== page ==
CEO Gregg Smith
Updated: OptioLabs announced April 27, 2016 its partnership with Ridge Global. Sept. 30, 2015 the company announced its integration partnership with AMD. It announced further key hires Aug. 13, 2015, release here. Optio announced 8 April it had acquired Baltimore-based Oculis' CTO Bill Anderson, Ph.D., other developers and assets. Our original story, below.-Ed.
OPTIO LABS, which does most of its Android mobile-security and productivity solutions development in Nashville, is likely to consider a "pretty significant B-round in late 2015 or early 2016," said CEO Gregg Smith.
A year ago today, Optio Labs announced completion of a $10MM Series A capital raise, led by its Boston- and London-based parent, Allied Minds (LSE:ALM).
Smith said the company and its parent would "absolutely" be interested in talking with additional investor-partners, should the next letter-round proceed.
Allied Minds, which began operating in 2006 and spawned an IPO in London in June 2014, is sector-agnostic as it seeks technology development and commercialization opportunities.
It lists Vanderbilt University among its federal and institutional partners. At its mid-2014 IPO ($212.2MM gross proceeds) ALM had 18 operating subsidiaries. Its market cap at the close in London today was roughly USD 2BN.
Smith, 52, and Chief Science Officer Jules White, 36, confirmed that the majority of Optio's roughly 15 developers are in Nashville.
The company is building a "world-class" technology team and its software complement could grow to 25 by year's-end, said Smith, who joined Optio about 100 days ago, from Bethesda, Md.-based Koolspan, a computer and network-security applications specialist. Smith's LinkedIn is here.
The growth in its software-engineer ranks reflects the fact that in the three years since VNC's previous story on Optio, the company has moved from developing intellectual property, to operating as a product company, said Smith.
|Jules White, Ph.D.
White is an assistant professor of Computer Science within the Vanderbilt University School of Engineering, and he continually scouts for talented engineers within Vanderbilt and its Institute for Software Integrated Services (ISIS), and alerts Smith to potential candidates.
White said recruiting and keeping developers in Nashville has gotten a boost from several sources, most recently Google's announcement in January that Nashville made the cut for installation of Google Fiber, which not only supports tech-business operations, but generally raises the Tech profile of the city.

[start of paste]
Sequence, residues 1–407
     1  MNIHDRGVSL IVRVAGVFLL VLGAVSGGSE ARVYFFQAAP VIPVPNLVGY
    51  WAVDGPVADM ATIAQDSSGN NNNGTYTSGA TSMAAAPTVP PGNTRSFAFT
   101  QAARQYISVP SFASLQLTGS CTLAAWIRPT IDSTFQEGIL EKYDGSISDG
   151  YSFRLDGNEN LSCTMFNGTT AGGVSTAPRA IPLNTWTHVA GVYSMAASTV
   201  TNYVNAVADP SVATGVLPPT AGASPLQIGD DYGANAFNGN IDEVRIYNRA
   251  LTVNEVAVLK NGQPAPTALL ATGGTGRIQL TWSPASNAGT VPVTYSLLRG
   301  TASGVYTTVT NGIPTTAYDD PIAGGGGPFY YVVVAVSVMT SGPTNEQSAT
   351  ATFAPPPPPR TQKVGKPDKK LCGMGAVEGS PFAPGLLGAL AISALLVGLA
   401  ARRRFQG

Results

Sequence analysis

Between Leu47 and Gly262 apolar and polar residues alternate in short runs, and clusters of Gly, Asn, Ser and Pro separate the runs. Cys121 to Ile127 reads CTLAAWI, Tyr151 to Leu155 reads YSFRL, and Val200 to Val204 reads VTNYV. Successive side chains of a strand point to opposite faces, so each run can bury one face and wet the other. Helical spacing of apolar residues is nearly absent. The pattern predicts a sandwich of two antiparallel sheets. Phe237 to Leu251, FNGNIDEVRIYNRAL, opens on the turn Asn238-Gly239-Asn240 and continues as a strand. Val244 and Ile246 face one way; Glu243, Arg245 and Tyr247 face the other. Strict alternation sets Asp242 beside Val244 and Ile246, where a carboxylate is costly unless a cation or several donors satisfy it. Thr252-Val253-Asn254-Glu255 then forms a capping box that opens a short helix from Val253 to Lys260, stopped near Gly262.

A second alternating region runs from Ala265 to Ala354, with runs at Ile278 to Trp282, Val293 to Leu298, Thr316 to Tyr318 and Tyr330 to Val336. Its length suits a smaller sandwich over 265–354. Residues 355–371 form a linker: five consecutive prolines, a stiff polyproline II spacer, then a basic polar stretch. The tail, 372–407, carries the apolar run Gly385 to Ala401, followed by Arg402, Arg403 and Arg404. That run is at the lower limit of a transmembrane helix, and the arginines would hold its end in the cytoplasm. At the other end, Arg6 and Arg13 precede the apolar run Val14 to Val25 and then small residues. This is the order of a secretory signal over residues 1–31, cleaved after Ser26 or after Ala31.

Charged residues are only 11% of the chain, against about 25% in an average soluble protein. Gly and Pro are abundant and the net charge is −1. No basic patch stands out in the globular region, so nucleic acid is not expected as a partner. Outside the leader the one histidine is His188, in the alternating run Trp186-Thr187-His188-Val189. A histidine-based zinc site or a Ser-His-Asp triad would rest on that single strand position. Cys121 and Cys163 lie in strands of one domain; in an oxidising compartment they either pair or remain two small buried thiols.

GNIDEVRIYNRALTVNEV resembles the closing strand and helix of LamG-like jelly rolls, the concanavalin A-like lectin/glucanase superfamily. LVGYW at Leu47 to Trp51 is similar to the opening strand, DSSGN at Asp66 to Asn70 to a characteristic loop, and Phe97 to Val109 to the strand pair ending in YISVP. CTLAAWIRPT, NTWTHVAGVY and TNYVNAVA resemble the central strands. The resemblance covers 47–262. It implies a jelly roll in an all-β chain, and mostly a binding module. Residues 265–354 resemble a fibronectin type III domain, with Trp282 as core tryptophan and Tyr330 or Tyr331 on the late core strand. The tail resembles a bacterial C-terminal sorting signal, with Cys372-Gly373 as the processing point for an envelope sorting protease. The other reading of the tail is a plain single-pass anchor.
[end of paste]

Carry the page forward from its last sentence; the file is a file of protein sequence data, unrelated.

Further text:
Smith noted that recruitment efforts are helped along by the fact that the mobile-security space is so hot in the minds of young engineers, and the fact that the field is rather sharply differentiated from most jobs in the Healthcare sector.
Well before Optio's next capital decision is made, the company will be making further noise about its innovations. Some Optio news is likely to pop during EMC Corporation's encryption and security-oriented RSA Conference, in April in San Francisco, said Smith.
Android-centric Optio is already selling OptioCore, "a high-fidelity policy engine for mobile devices." Smith said its second product, code-named Grizzly, will debut at RSA, but neither he nor White would elaborate.
When subsequently asked about key elements in the company's innovation roadmap, White said, in part, that "Android still has significant issues with malware and your ability to monitor what's going on with devices and know that you've secured all the devices in your enterprise." Given that mobile platforms are "targeted heavily" by malefactors, "a lot of organizations would like to have greater confidence that they are stopping those threats on their devices; and, OEMs would like to help customers be confident that they don't have anything [malicious] going on in their devices," White added.
No telling how many candidate products the Optio crew has up its collective sleeves.
For instance, as previously reported by VNC based on a 2011 arsTecnica story, White once placed some hope on technology that could "remotely wipe sensitive data from mobile devices when a participating device-user leaves a specific geographic location or space, thereby helping to ensure that sensitive healthcare."
Nowadays, that concept might pulsate with something like Snapchat energy.
The company continues to build its management ranks. Smith said that Optio's recently announced chief technology officer, Bryan Glancey, spends a good bit of time in Nashville and has not yet chosen his home-base city. Glancey is among the original owners of Optio Labs; and, his career has included key mobile-security and encryption leadership roles with Samsung and others, according to his LinkedIn.
In addition to its Nashville office off West End Avenue near Vanderbilt, Optio Labs' headquarters is at the University of Maryland Baltimore County campus, in Baltimore; and, the company has an office in the Washington, D.C. area.
VNC also reported in 2012 that Co-founder Brian Dougherty was Optio's only Nashville-based resource other than White.
In December, Dougherty left Optio to serve fulltime as COO in Build3 Software, which says it has presence in both Nashville and Boston. Jumpstart Foundry Chairman Vic Gatto is listed as chairman of its board. Dougherty, who holds Vanderbilt School of Engineering Ph.D. and Master's in computer science, has been involved to varying degrees in Build3 since its inception in 2013.
Previously reported major shareholders in London-traded ALM have included Invesco and ALM Executive Chairman Mark Pritchard, among others.
Allied Minds plc's website lists advisors including UK offices of Jefferies, Numis Securities, FTI Consulting, DLA Piper and KPMG. VNC